Never Bored With Board Games: Machi Koro


Machi Koro
Difficulty Level: 2
Play Time 20-30 minutes
Number of Players: 2-4
Recommended age: 7+
Stars (1-5): 3

Machi Koro is basically a game of who can take advantage of probability and luck. Players compete to construct all four of their landmarks—the Train Station, the Shopping Mall, the Watchtower, and the Launchpad—before anyone else. Each landmark, when built, gives you a special bonus ability. You must spend coins in order to build them (which you can get from your other buildings).
Setup is simple, since all you need to do is lay out all of the building cards and distribute a Wheat Field and a Bakery to each player. Then, whoever rolls the highest number on two dice goes first. On your turn, you must roll either one or two dice. Then depending on the number shown, gain an amount of coins. For example, the Wheat Field says that whenever you roll a one, you get one coin. The bakery states that whenever you roll a two or a three, you get one coin. Then, you have the option of buying another building. You may have as many copies of a building as are available in the shop. There are 12 buildings in the game (the number(s) after each name is the number that, when rolled, it produces coins on): Wheat Field (1), Ranch (2), Bakery (2-3), Cafe (3), Convenience Store (4), Forest (5), Stadium (6), Business Center (6), TV Station (6), Cheese Factory (7), Furniture Factory (8), Mine (9), Apple Orchard (10), and Family Restaurant (11-12). After that, you then have the option of building a landmark.
There are four colors of cards in Machi Koro: blue, green, red, and purple. Blue cards can produce coins for you on anyone’s turn, Green cards on your turn only, and Red cards on your opponent’s turn only. For example, let’s say I have a wheat field (which is a blue card) and my opponent rolls a one. I would then get one coin. As explained before, the Bakery produces one coin on both a two and a three, but only on my turn since it is green. However, let’s say I have a cafe. A cafe is a red card that says whenever an opponent rolls a three, they must give me a coin. Purple cards, on the other hand, activate on your turn only but still take things (either coins or buildings) from your opponents. Only the Stadium, Business Center, and TV Station are purple.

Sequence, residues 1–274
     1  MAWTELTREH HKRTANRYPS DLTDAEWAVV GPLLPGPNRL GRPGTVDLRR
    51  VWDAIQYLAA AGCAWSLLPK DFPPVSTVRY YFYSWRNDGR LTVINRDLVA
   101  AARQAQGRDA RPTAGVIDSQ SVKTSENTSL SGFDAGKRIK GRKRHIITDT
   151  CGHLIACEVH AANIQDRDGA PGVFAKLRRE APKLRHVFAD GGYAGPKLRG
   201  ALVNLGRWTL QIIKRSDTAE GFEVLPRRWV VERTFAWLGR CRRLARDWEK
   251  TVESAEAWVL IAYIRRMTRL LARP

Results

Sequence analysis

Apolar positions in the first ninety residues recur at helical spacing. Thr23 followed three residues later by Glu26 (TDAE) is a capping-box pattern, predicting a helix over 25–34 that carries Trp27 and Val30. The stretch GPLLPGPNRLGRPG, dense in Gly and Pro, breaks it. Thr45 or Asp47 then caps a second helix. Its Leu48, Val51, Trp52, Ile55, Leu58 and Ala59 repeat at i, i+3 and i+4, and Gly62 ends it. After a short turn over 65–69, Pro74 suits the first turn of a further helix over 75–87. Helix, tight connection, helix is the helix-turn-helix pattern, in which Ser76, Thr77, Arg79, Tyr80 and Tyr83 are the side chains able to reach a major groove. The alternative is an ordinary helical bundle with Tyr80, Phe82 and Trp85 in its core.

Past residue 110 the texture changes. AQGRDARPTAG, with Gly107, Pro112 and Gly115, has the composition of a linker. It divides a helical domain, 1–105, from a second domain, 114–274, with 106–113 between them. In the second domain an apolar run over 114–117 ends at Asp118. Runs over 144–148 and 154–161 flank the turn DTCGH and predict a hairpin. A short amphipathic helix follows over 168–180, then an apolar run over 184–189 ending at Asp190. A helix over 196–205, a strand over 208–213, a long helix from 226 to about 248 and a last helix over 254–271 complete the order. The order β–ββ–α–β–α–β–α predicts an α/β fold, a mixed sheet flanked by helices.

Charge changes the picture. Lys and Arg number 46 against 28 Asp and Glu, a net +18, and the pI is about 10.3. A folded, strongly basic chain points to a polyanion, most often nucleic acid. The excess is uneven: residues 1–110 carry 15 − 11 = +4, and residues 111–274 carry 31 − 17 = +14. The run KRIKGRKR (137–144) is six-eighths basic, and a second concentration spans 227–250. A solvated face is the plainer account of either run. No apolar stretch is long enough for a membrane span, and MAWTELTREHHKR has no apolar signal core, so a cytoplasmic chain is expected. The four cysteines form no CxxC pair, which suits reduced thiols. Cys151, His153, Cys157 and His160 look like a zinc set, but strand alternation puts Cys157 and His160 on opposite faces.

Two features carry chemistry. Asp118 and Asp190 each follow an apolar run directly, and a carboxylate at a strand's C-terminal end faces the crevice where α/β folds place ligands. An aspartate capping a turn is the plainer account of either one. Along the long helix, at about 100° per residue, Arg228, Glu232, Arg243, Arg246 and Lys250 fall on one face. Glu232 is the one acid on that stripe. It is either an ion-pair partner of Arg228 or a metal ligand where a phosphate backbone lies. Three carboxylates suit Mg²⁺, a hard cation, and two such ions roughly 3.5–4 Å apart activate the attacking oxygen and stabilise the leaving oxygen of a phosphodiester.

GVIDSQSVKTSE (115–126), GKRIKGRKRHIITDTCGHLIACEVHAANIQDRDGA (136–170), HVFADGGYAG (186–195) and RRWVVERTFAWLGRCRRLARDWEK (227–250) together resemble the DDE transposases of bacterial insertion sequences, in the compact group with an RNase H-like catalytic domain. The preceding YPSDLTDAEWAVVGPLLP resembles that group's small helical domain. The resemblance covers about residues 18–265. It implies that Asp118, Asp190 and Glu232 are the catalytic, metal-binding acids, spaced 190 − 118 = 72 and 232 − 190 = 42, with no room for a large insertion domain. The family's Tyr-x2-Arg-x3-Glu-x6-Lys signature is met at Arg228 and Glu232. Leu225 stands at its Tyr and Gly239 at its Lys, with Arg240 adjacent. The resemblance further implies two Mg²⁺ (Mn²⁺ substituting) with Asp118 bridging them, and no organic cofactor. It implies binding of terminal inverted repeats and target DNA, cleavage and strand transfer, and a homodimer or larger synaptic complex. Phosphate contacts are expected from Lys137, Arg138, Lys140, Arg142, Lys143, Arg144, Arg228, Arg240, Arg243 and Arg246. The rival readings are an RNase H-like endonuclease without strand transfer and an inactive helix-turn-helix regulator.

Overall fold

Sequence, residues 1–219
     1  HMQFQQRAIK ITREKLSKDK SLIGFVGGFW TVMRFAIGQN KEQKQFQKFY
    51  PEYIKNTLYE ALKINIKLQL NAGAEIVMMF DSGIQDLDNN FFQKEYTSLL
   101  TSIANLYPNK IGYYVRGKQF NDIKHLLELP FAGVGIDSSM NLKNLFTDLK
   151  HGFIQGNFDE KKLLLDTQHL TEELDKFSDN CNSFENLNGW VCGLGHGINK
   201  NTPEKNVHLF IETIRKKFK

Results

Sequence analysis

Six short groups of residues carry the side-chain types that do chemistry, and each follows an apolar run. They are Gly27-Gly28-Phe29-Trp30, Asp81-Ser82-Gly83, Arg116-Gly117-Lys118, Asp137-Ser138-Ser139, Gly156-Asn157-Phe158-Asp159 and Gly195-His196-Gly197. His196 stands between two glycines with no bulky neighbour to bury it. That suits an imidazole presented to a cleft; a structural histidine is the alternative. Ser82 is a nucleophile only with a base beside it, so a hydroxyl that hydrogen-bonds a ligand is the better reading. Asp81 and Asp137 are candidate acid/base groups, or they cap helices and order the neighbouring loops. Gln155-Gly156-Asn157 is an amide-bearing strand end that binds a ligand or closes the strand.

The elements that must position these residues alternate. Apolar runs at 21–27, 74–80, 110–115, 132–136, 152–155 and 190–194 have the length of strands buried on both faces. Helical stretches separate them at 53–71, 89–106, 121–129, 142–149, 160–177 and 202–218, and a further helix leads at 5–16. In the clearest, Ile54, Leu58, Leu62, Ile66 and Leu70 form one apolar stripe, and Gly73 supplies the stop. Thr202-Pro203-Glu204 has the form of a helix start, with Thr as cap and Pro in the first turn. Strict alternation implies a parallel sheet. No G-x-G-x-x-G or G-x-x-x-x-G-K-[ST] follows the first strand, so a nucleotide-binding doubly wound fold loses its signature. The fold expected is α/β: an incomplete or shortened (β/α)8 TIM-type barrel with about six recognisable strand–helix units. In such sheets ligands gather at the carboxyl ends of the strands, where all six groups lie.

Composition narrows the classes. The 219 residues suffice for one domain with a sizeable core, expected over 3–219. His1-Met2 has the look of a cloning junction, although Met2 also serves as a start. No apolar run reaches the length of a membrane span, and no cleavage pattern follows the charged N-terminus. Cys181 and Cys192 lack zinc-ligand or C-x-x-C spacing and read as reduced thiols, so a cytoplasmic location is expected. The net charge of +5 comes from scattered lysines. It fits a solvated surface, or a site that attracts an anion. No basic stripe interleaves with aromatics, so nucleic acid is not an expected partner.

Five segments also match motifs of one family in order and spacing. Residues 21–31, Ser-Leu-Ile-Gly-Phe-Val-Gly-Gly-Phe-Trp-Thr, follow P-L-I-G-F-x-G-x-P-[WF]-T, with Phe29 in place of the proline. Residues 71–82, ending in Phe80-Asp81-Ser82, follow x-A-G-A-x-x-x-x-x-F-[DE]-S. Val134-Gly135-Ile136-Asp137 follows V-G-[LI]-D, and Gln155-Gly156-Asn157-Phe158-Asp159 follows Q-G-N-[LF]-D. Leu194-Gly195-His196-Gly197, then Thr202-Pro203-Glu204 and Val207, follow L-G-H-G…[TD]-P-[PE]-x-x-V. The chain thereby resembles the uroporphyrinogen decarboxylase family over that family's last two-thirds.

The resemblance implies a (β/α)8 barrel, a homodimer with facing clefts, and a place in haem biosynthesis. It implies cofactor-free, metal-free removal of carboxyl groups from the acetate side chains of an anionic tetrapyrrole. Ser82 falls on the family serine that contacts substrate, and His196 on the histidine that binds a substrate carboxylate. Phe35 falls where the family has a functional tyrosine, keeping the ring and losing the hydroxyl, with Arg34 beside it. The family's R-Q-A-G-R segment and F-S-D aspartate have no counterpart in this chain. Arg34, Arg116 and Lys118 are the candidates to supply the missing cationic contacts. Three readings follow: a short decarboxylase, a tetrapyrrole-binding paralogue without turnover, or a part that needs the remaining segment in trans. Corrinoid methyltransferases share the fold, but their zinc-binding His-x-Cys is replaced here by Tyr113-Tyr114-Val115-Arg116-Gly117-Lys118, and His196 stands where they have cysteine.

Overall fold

Of the many playable strategies in Machi Koro, there are only three reliable ones. The first is what can be called the “Convenience Strategy.” It relies heavily on you buying as many convenience stores as possible, with a mix of other cards that can be activated if the roll is six or lower. The Convenience Strategy hopes to maximize the possibility of rolling a four (on which the convenience store produces three coins).
The “Factory Strategy” hopes to buy as many ranches, forests, and mines as possible. This is not because of the cards themselves (although they are useful), but because of the Cheese Factory and the Furniture Factory. The Cheese Factory says that, whenever you roll a seven, you get three coins for each ranch you have. The Furniture Factory gives you three coins for each mine and forest you have whenever an eight is rolled. This often gains you over 20 coins in one roll.The last strategy is to play against your opponents. Whenever you see your opponent buying something, buy that same thing. You want to try and stall your opponent and prevent them from making money. One of the best cards for you to buy is the Cafe, since it allows you to take money from your opponents.
Since the only luck in this game is due to rolling dice, it can occasionally feel as though you are playing the same game over and over. After eight or so turns the game boils down to whoever can get the luckiest. Despite these drawbacks, the game usually gets exciting whenever there is a close tie. Players are often neck and neck right up until somebody wins the game.